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Courts reluctant to strike-out negligence actions against the police

In Tindall v Chief Constable of Thames Valley Police [2020] EWHC 837 (QB) — available on Westlaw but not yet Bailii or the ICLR, the courts have again demonstrated a reluctance to strike-out a police negligence claim. This shows the difficulty of trying to show whether the police have positively created a danger/made it worse or merely refrained from protecting someone. A claim against the police for negligence will usually arise in the first instance but not, subject to exceptions, the second.

In this case, a country road was covered in black ice. A driver slid off the road and, whilst waiting for assistance, warned other drivers of this danger by signalling for them to slow down. The police arrived, put out a warning sign, cleared the car and removed the resulting debris. They then removed the sign and took the driver to hospital, leaving the road as it had been before the accident. Later, after the police had left, two other drivers approached each other from opposite directions on the same stretch of road. One lost control on the ice, their cars collided and, tragically, both were killed.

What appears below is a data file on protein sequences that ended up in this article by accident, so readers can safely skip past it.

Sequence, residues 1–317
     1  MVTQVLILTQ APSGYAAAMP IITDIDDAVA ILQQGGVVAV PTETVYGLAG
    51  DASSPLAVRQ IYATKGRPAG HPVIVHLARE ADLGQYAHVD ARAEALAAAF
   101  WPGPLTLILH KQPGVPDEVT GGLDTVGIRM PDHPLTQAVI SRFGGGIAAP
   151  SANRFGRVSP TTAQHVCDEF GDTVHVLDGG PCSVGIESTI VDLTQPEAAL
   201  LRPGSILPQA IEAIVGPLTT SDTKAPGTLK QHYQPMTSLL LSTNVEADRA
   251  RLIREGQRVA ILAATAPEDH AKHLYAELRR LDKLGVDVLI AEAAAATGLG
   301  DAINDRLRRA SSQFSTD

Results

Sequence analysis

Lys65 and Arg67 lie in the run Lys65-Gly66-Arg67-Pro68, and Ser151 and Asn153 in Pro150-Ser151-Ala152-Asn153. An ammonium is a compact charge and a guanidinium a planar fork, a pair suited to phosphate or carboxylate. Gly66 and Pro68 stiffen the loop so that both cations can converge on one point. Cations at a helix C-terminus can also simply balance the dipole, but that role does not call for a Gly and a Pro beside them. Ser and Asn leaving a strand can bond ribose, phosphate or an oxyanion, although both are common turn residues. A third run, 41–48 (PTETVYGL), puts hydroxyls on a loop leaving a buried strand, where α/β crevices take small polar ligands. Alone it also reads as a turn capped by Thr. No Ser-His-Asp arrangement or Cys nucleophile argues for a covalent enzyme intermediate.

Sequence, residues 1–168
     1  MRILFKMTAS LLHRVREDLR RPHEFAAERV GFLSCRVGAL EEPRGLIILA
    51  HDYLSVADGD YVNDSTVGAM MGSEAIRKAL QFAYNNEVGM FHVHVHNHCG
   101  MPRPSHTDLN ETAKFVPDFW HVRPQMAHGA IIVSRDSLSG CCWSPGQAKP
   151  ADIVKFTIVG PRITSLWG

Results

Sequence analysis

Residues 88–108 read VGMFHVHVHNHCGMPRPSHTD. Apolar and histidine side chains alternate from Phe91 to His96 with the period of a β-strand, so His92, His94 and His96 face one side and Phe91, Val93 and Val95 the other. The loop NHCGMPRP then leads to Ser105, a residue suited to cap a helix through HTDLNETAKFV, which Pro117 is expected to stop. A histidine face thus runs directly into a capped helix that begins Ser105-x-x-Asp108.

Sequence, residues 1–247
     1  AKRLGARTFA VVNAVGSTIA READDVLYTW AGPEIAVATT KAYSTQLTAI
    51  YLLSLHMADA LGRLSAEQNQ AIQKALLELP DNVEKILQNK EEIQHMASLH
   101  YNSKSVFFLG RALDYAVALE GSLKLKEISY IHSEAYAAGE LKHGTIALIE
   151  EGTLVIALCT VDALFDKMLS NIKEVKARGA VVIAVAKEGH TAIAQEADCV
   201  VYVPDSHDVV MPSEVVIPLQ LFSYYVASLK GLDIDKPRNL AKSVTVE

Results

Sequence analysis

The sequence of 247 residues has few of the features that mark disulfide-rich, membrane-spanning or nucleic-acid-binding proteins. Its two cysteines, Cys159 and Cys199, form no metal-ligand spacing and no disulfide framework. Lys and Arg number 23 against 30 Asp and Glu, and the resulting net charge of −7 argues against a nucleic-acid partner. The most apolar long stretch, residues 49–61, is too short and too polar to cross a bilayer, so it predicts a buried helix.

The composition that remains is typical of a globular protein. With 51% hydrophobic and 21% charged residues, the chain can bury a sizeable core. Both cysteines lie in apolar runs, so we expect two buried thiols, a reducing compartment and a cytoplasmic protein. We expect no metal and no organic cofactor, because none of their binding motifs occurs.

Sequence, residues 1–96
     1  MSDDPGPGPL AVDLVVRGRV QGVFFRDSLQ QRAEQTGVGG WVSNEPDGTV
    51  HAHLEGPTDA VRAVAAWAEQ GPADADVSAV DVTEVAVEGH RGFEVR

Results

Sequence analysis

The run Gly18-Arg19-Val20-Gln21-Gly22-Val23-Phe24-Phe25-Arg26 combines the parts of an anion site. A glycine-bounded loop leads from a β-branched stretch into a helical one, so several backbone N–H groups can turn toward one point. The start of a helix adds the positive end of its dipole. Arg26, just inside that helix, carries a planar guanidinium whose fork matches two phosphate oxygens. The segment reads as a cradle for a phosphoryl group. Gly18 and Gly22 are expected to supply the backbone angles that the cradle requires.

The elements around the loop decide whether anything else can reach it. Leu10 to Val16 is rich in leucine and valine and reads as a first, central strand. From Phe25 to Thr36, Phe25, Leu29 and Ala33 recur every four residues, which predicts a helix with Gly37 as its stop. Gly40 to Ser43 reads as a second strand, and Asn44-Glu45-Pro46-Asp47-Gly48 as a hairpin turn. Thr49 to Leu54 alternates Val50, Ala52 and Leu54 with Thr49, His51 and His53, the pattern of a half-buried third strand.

The Claimant maintained that the police officers’ removal of the driver who had been warning the traffic, together with the warning sign that they had put out whilst clearing the accident debris, were positive steps that caused the warnings to cease and made matters worse than if they had not attended. The Chief Constable sought to strike-out the claim on the basis that there was no duty of care.

The Master dismissed the application to strike-out for the following reasons:

  • The legal position, following recent cases, was that although the police generally had no positive duty to protect individuals from harm, they could come under such a duty where they took steps which either created a danger or made it worse [10];